low gas permeation. It is not recommended for use with petroleum

solvents or aromatic hydrocarbons.

 

Buna-N (nitrile rubber)

 

This copolymer of butadiene and acrylonitrile has good resistance to

weak and strong acids as well as alkalies, and is highly inert to aliphatic

hydrocarbons, petroleum, and mineral and vegetable oils. It has

excellent water-swell resistance, and its mechanical properties actually

improve at higher temperatures. Buna-N is not recommended for use

with highly polar solvents such as acetone, methyl ethyl ketone, and

chlorinated hydrocarbons.

 

Neoprene

 

It offers excellent resistance to dilute acids and weak and strong alkalies,

and good resistance to petroleum, oils and concentrated acids. It is not

recommended for strong oxidizing acids, esters, ketones or chlorinated

aromatic hydrocarbons.

 

Ethylene-propylene-diene monomer (EPDM) rubber

 

This synthetic elastomer affords excellent low- and high-temperature

characteristics. It resists attack by a wide range of acids and alkalies,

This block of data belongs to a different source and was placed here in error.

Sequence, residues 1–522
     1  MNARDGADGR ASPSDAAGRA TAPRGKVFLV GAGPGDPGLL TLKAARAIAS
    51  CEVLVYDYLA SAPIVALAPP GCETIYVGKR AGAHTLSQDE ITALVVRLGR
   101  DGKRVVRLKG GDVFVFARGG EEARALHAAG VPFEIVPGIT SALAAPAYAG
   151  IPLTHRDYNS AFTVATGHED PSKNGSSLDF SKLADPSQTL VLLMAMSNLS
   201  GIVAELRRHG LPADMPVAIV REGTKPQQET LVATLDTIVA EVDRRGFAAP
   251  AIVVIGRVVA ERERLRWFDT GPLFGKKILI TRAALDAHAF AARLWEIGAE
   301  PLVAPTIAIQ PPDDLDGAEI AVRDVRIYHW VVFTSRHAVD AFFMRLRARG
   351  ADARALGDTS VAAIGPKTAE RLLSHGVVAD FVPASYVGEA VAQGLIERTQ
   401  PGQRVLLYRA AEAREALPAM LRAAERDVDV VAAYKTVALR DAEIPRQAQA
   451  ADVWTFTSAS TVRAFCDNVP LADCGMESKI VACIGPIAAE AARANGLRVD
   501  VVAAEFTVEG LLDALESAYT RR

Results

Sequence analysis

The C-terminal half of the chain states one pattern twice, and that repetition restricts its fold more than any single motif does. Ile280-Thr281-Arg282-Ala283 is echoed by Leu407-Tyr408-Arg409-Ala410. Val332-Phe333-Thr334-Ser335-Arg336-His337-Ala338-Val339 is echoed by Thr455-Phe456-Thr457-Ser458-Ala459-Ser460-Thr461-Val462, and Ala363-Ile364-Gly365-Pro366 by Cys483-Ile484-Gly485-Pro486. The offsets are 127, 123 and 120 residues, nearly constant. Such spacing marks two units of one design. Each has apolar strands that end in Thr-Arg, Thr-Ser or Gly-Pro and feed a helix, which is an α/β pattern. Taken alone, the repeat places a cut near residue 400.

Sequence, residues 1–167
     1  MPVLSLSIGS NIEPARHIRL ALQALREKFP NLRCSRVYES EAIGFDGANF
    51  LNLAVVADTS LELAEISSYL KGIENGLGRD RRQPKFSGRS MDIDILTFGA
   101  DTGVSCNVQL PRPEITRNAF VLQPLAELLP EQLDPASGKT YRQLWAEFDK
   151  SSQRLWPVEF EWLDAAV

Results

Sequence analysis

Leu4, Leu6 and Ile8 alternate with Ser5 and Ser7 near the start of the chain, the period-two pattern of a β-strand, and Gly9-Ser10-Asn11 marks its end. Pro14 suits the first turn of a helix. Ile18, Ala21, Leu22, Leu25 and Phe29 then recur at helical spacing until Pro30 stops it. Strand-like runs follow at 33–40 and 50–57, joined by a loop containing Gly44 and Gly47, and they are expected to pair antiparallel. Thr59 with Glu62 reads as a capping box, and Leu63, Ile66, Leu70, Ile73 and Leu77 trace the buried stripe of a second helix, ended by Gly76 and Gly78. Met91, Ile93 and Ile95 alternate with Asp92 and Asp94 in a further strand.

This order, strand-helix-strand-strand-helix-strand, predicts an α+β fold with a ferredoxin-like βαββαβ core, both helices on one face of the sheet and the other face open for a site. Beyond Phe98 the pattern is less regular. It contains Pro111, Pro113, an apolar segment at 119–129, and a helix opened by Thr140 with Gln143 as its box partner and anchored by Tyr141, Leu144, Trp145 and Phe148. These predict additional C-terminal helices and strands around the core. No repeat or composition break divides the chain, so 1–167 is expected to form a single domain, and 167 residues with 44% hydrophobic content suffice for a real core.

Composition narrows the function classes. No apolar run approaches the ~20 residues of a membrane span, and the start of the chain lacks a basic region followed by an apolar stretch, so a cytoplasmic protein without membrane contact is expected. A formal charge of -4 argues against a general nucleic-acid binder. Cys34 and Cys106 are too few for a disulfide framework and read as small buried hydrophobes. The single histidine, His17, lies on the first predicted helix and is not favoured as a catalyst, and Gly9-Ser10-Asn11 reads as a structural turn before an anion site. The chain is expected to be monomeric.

detergents, phosphates, ketones, alcohols and glycols. EPDM does not

tend to absorb fluid, or to swell. It is not recommended for use with

aromatic hydrocarbons.

 

Chlorosulfonated polyethylene

 

It offers good resistance to dilute and concentrated acids, and alkaline

solutions regardless of their pH. Resistance to strong oxidizing acids is

excellent.

 

Other elastomers

 

Copolymers of vinylidene fluoride and hexafluoropropylene have

excellent resistance to oils, fuels, lubricants and most mineral acids, and

stand up against many aliphatic and aromatic hydrocarbons that attack

other rubbers. They are not recommended for low molecular weight

esters or ethers, or for ketones or certain amines, or for hot anhydrous

hydrofluoric or chlorosulfonic acids. Copolymers of perfluoromethyl

vinyl ether and tetrafluoroethylene offer virtually unmatched resistance

to all classes of chemicals, except fluorinated solvents. Continued use at

temperatures to 550°F is possible, and intermittent use to 600°F. The

material neither creeps nor flows, and it becomes more elastic rather

than embrittled with heat aging. The major disadvantage is extremely

high cost.

 

In addition to the structural thermoplastics and the elastomers,

thermoplastic-pump manufacturers sometime employ ceramics in seal

components. Two of the most common are a ceramic-graphite

composite with a silicon carbide surface that stands up well against